In a past article, we said, “by the year 2020, there will be 24 billion Internet of Things (IoT) devices installed around the world.” Internet of Things is a network of internet-connected objects that is able to collect and exchange data.
An extension of IoT is its ecosystem. The IoT ecosystem enables entities to connect to, and control, their IoT device.
Now, since there will be 24 billion devices, there has to be a focus on the ecosystems and the experience with them. We can all agree that with that many devices, there is going to be a whole lot of data – a lot of which may be in limbo between digital and traditional (pen and paper).
Experience when it comes to data analysis is key for workplace productivity.
All the data that is rapidly being created is next to impossible for humans to process traditionally, without any form of automation. Even more, it’s not valuable unless there is some type of conclusion extracted from it. The next logical step is creating artificial intelligence programs that can learn and perform predictive analysis.
In addition to knowing what is next, the smart program can learn from past trends to offer a better prediction of future trends. Has a specific workflow happened over and over? Was the user at a certain location and using a certain workflow? The simplest example of this is an email service creating automated replies according to the content of the email. These things can be accounted for and instantly predicted by a program to improve efficiency.
The experiences can also translate into improved inventory efficiency. Machine learning, the process of artificial intelligence learning from various input/output, can track usage of a product and predict when to purchase more to ensure there is no shortage in inventory.
The best example would be a smart printer.. They are fully integrated into the IoT ecosystem in which it tracks usage and predicts when the ink cartridge will run out. Then, if the settings are active, the printer can order more ink by itself, which minimizes time and effort on the administration. Expand this to more aspects within the workplace and the IoT greatly increases employee experience.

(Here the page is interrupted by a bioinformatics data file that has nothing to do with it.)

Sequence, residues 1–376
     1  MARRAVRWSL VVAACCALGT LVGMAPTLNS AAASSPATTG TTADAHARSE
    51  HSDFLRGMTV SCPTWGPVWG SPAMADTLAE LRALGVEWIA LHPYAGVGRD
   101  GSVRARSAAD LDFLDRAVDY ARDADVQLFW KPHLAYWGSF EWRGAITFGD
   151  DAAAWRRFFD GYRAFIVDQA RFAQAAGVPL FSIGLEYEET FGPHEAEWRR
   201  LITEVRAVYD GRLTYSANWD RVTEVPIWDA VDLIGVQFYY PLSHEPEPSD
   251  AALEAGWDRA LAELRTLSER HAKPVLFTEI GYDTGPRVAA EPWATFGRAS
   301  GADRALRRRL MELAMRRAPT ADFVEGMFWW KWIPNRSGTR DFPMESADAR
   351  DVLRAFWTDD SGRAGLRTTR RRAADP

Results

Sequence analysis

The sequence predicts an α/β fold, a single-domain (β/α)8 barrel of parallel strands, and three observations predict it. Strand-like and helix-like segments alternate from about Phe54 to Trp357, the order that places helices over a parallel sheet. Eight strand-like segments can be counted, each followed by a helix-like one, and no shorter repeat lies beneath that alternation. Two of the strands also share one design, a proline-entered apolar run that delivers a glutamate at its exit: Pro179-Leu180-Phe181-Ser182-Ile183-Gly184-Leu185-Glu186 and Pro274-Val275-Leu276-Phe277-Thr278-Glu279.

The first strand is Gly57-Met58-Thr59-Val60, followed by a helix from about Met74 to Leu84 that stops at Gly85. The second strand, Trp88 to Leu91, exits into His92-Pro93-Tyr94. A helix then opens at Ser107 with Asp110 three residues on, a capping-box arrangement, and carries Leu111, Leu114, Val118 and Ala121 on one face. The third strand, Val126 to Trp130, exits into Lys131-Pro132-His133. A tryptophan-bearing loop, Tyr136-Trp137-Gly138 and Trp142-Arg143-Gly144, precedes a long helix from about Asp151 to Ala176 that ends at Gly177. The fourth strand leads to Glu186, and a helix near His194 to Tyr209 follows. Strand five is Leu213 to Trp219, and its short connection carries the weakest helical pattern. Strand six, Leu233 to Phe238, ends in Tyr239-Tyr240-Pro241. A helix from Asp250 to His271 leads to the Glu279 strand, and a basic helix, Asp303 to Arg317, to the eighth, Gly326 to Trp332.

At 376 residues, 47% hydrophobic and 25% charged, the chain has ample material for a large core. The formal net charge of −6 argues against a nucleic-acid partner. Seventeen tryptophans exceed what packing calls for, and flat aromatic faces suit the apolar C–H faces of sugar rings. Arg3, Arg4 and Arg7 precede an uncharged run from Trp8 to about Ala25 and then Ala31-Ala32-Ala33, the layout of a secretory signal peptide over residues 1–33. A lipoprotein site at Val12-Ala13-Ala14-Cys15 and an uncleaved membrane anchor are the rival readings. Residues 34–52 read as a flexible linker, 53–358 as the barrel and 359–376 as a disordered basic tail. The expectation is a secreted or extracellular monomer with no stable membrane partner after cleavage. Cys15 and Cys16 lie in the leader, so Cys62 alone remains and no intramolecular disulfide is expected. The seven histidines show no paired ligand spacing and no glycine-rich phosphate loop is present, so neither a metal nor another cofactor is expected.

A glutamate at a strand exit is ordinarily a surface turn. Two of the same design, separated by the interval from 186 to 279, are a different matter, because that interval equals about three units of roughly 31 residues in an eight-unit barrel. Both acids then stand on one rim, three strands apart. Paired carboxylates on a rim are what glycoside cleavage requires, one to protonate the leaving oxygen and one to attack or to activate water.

Similarly, use all the data to improve customer experience.
With all the data, companies can build programs that will understand and predict a customer’s preferences. As opposed to a general strategy, implementing this type of strategy will keep the customers engaged and satisfied.
A positive experience and relationship with the customer greatly impacts ROI. Accurately targeted predictions lead to a more successful campaign and customer experience. The best part is that this experience occurs with fewer recurring expenses due to automation.
The best example of this is Google’s platforms. The search, geolocation, and usage details of their search engine, maps, and Chrome browser all compile together to gain insight to what their consumers are like. This knowledge in turn, allows programs such as Google Now to curate products, articles, and useful information for the best type of consumer experience.
The IoT ecosystem is a vast array of intermingled devices that connect through the internet. The immense amount of data that is being created, and will continue to be created, is jaw-dropping. Every day, 2.5 quintillion bytes of data is being created – that’s about 2.5 billion gigabytes. There are plenty of devices that create the abundance of data, though the processes that parse through the data and create a great experience are still being developed. Integrating these processes into the workplace expands the ecosystem into a full fledged IoT Experience.